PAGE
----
PSU suggestions for a retro gaming PC

Toriessian

Weaksauce
Joined
Jan 10, 2017
Messages
117
I'm looking at building a couple retro PCs. Prolly something P-II/P-III based to be "reliable" and then a SS7 platform to play with. Get my quake on on a Cyrix MII and stuff :D
Any suggestions on power supplies? I figure theres prolly some ATX -> AT adapters out there. Not sure how reliable those are.

What PSU's are retro PC builders here using? I'd love it if I could throw in something newer for a power supply.
 

GiGaBiTe

2[H]4U
Joined
Apr 26, 2013
Messages
2,400
By the time Super 7 and SECC2 PII/PIII motherboards came around, most everything was ATX. I've rarely ever seen anything beyond a Socket 5/7 board still use AT power connectors. Sometimes you'd see both if a manufacturer wanted to offer backwards compatibility, not not just AT on later board designs.

The problem you're going to have is that those old systems drew almost all of their power from the 5v rail, unlike the shift in the mid 2000s to the 12v rail and today where almost nothing uses the 5v rail. Supplies back then were geared to output 20, 30, 40 and sometimes 50A on the 5v rail. Modern ATX supplies are no no way designed or capable of delivering that much power on the 5v rail and will shut off or have erratic behavior. So if you have a fully decked out system with power hungry CPU, lots of cards and drives, you'll need to get a period correct supply. If you don't plan on fully decking out your rose tinted retro man box, you can try and dig around on the usual retailers for a PSU with the highest 5v rail rating you can find. You want one with at least 20A on the 5v rail.

Finding a vintage power supply is one thing, having it work is an entirely different matter. That era was on the leading edge of the capacitor plague, where shitty caps started showing up in computer parts, including power supplies. I've recapped and otherwise repaired hundreds of power supplies from that era because of failed capacitors. If caught early, you can get lucky and just do a full recap and be fine. If you catch it too late, then be prepared for extensive surgery on the unit, assuming it hasn't turned into a charcoal briquette.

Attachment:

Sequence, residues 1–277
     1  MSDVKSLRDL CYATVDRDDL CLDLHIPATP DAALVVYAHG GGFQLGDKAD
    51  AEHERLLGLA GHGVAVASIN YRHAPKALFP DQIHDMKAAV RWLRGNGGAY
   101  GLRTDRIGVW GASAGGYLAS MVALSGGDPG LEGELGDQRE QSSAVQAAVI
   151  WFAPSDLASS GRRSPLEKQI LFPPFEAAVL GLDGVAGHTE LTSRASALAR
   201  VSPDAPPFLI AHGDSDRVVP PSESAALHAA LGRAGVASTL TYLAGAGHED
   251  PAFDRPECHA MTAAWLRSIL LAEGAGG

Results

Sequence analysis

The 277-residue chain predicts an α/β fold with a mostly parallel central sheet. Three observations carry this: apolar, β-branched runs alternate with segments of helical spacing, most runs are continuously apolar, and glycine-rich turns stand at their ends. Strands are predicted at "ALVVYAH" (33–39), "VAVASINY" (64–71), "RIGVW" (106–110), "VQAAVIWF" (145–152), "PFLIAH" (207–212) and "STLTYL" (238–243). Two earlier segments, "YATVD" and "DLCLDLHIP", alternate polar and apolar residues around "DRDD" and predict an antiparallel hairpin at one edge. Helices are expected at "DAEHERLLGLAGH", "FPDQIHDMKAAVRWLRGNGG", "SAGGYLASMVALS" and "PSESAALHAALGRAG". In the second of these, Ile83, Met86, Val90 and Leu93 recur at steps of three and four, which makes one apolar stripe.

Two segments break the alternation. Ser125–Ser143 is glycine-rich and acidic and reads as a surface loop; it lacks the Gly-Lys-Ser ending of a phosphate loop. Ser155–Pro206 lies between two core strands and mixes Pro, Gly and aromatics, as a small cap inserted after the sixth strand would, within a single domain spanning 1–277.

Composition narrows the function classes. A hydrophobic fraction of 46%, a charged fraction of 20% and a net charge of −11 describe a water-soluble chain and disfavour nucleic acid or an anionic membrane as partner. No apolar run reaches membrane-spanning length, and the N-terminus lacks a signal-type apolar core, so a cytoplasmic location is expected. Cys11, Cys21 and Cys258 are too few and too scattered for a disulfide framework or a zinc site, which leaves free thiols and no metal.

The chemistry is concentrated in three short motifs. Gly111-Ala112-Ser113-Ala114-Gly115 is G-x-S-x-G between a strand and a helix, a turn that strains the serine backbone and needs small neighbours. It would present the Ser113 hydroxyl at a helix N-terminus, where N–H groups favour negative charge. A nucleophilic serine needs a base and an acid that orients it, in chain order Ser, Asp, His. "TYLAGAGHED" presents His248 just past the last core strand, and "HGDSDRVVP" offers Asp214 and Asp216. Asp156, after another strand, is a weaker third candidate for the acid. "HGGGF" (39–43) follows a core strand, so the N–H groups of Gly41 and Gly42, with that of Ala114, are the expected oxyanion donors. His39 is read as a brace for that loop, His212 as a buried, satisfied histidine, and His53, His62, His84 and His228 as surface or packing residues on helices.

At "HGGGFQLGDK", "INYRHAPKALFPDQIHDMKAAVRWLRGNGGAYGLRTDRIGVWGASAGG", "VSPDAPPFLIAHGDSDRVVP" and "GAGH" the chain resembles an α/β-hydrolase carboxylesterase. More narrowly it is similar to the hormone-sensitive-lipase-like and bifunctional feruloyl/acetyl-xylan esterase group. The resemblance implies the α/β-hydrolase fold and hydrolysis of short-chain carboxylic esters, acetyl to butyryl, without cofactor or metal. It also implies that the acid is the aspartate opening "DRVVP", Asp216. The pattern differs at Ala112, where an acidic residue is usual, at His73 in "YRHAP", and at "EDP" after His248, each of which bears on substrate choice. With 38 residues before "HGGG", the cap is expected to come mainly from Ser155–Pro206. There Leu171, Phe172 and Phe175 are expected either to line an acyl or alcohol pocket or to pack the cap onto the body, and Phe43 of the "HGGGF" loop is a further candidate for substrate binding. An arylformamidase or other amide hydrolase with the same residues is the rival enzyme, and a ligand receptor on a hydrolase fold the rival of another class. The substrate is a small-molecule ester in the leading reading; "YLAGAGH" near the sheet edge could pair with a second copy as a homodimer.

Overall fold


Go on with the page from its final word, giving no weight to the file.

One final BIG gotcha is that you need a supply with a -5v rail. The -5v rail is a legacy from the original IBM PC 5150 and was kept around for backwards compatibility reasons on the ISA bus. So even though that 99.9% of cards don't use this rail, many motherboards check for the presence of this rail and won't power on if it's not present. This rail was removed from the ATX specification in 2003-2004, so you'll need to get a power supply made before that time frame, or do some modification to make your own -5v rail. It's not terribly difficult to do with an LM7905 negative voltage regulator hanging off the -12v rail since the current requirement is virtually nothing.

The only power supply I can recommend from the era (because I'm the most familiar with) is the Antec SL series like the SL300, 350 or 400, but they definitely suffer from the capacitor plague and any unit you buy will be guaranteed to have bad caps and need to be recapped.
 

Toriessian

Weaksauce
Joined
Jan 10, 2017
Messages
117
Thank you. That is the exactly the kind of answer I needed. I went to ebay and I see what you're saying. The +5 V rail on the SL400 is rated 38A and I looked at a slightly later era 650W PSU and I saw it only had 25A on the +5V.
Since this project is also about me learning how to solder, recapping a couple "working" SL400's looks like a good project to start with too!
 

GiGaBiTe

2[H]4U
Joined
Apr 26, 2013
Messages
2,400
When recapping the power supply, make sure you get ALL of them. This is especially true of the small bastards buried under and behind things in hard to reach places, because the small ones going bad can cause the whole supply to not work if they go bad. They're usually in monitoring circuitry or startup circuits and are equally as important as the big ones.

I'd recommend a desoldering gun for this, because removing daughterboards and mosfets with a spring loaded solder sucker or wick will try the patience of a saint. And the spring loaded solder suckers have a habit of ripping pads off of the board, especially if they've been baked by heat.
 
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